Nearly 300 Schools Will Remain Closed After Winter Break Due to Omicron Concerns

Nearly 300 schools in the U.S. will remain closed for in-person classes after the winter break in an effort to address growing concerns over the latest COVID surge of the highly contagious Omicron variant.

At least four districts in Maryland, New Jersey, New Mexico and New York have opted to keep students at home in the first weeks back from the winter break in an effort to avoid a school outbreak once the holidays are over.

The closures mean hundreds of thousands of students who attend the 286 affected schools will move to virtual learning in January.

Prince George's County Public Schools (PGCPS) in Maryland, which is one of the nation's 20 largest school districts, transitioned more than 136,500 students to virtual learning on December 20 "in light of the stark rise in COVID-19 cases throughout our school system" and will continue virtual learning from January 4 through 14.

In-person learning at the district's 208 schools and centers is expected to resume on January 18, after the Dr. Martin Luther King Jr. holiday.

"Educators, administrators and support staff must be able to deliver in-person instruction and other activities in conditions that prioritize their own health, as well as the wellbeing of the school community," district CEO Monica Goldson told families in the school closure announcement.

"The increased positivity rates have significantly challenged the ability to do so, causing anxiety among many school communities and disruption to the school day," she said.

The rapid spread of the Omicron variant has sent schools nationwide scrambling to once again pivot their COVID strategies in an effort to stem a possible outbreak on campuses.

"This is the third school year affected by this pandemic," Dan Domenech, executive director of the School Superintendents Association, told Newsweek. "Just when we thought this past October—when we had about 98 percent of kids back in schools in person—that things were moving in the right direction, here we are right back where we were last year."

Students School Closures Outbreak COVID Virtual Learning
Hundreds of schools will go remote in the first weeks of 2022 in an effort to avoid a COVID-19 outbreak following winter break. Students at Colin L. Powell Elementary School on October 19, 2021 in Centreville, Virginia. Stringer/Kenny Holston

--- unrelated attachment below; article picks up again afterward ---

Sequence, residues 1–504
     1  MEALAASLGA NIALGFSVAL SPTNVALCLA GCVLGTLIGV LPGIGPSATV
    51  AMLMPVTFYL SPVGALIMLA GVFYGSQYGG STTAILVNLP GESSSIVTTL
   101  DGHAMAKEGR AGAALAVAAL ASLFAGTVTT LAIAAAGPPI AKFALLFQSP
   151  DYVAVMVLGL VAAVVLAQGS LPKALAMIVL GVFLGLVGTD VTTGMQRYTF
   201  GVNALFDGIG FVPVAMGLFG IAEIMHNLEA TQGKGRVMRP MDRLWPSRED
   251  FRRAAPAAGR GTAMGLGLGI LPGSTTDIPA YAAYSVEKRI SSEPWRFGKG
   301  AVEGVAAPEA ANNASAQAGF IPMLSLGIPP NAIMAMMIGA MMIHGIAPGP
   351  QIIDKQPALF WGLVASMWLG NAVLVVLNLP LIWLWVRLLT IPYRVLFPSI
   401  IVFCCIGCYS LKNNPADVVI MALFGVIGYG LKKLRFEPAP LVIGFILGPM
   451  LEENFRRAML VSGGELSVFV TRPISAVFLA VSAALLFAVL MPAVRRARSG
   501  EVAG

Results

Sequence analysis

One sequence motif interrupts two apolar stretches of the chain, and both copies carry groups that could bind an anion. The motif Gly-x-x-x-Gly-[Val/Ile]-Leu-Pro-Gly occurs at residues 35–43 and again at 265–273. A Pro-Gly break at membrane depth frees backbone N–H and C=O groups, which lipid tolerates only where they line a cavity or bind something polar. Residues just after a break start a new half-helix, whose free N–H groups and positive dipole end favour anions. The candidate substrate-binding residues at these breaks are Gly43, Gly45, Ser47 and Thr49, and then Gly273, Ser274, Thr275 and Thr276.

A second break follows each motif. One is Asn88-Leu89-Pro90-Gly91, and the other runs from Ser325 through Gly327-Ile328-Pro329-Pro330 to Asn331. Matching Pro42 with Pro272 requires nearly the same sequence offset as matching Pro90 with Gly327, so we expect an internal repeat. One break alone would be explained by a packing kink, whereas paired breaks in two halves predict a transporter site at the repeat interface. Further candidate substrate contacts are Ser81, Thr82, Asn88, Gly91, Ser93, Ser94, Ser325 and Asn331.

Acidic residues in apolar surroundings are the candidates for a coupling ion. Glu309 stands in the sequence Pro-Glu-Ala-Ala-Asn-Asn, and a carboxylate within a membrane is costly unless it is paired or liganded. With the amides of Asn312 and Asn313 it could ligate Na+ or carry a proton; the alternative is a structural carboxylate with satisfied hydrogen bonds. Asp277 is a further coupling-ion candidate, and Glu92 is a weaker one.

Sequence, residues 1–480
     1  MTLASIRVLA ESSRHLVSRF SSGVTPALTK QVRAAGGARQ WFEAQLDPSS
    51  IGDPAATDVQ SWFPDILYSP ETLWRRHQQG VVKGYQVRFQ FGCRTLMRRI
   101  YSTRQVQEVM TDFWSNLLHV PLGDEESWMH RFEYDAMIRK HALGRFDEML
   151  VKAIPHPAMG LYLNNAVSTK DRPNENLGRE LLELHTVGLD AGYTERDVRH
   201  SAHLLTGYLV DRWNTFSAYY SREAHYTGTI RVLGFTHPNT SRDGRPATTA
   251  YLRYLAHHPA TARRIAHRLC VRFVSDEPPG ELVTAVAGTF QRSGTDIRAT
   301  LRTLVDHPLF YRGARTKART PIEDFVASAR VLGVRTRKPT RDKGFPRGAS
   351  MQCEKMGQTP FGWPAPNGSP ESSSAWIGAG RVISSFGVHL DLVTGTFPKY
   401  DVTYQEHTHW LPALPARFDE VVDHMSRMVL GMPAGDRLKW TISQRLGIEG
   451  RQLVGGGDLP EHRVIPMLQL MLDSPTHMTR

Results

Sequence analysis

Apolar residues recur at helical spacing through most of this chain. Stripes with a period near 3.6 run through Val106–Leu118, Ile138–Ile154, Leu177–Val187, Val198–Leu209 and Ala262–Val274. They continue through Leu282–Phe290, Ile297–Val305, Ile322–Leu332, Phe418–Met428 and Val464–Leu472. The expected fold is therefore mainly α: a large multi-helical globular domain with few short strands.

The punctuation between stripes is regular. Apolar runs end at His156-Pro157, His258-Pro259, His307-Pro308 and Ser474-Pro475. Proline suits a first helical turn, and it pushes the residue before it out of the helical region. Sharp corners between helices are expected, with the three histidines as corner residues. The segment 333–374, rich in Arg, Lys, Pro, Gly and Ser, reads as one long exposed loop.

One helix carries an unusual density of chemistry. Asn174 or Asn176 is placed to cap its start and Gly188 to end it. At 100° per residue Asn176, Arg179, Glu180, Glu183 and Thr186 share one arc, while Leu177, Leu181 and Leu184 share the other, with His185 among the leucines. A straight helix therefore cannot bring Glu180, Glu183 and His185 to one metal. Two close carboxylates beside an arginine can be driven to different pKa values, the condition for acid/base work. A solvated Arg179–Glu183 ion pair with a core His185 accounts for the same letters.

Paterson Public Schools, which is the fourth largest district in New Jersey, will also start 2022 with two weeks of remote learning. Superintendent Eileen Shafer cited the rising number of Omicron infections, which is now the dominant strain of the virus in the U.S., for her decision.

"The rising numbers of COVID-19 cases due to multiple variants are cause for concern for all of us," Shafer said in a Wednesday statement. "A surge of new cases has occurred in northeastern New Jersey, and it is expected that the trend will continue through the holiday break."

Mount Vernon City School District, which borders New York City, will shift to virtual learning until at least January 18—a move that could be further extended depending on the trajectory of COVID positivity rates.

"I have been very reluctant to close schools, but given the current trends in COVID cases, it would be risky not to do so," Superintendent Kenneth Hamilton wrote in a Monday letter to the community.

Students and teachers will be expected to be tested with free kits from the district before returning to in-person classes and weekly testing will be required going forward.

"This will be the most dangerous week for this school year for COVID... We want to be prepared," Taos Municipal Schools Superintendent Lillian Torrez told Taos News on Tuesday. Torrez's district in New Mexico will go remote for the first week back in January.

Teachers School Closures District Omicron Surge
Schools across the country transitioned students to online classes in the final weeks of 2021 as the Omicron variant sweeps the nation. A principal and teacher at Yung Wing School P.S. 124 on September 02, 2021 in New York City. Michael Loccisano/Getty

According to an analysis by Newsweek, there have been at least 92 schools across more than a dozen states that moved to remote learning for the remainder of 2021. At least a quarter of them has cited school outbreaks or high numbers of student and staff quarantines.

In Maine, Oxford Hills School District shut down one of their schools last week after its transmission rate reached 70 percent.

"This is a massive in-school transmission rate far exceeding anything we've seen thus far in any of our outbreak schools," the district wrote in a Facebook post.

"Parents, please get vaccinated and vaccinate your children who are old enough," the statement pleaded.

Many of the schools that shuttered ahead of the winter break are hopeful that students will be able to return to in-person learning in the new year but have not entirely written off virtual plans for 2022.

School officials will continue to monitor community transmission and the upward trend in COVID-19 cases over the next couple of weeks as the new semester begins.

"We're already seeing a lot of schools closing across the country," Domenech said. "They're already going back to remote learning, which is not a thing we wanted to see happening."

"What's going to happen after the holidays are over?" he asked. "We can only hope that we can get this thing back under control and get back to having kids in school in-person, where they belong."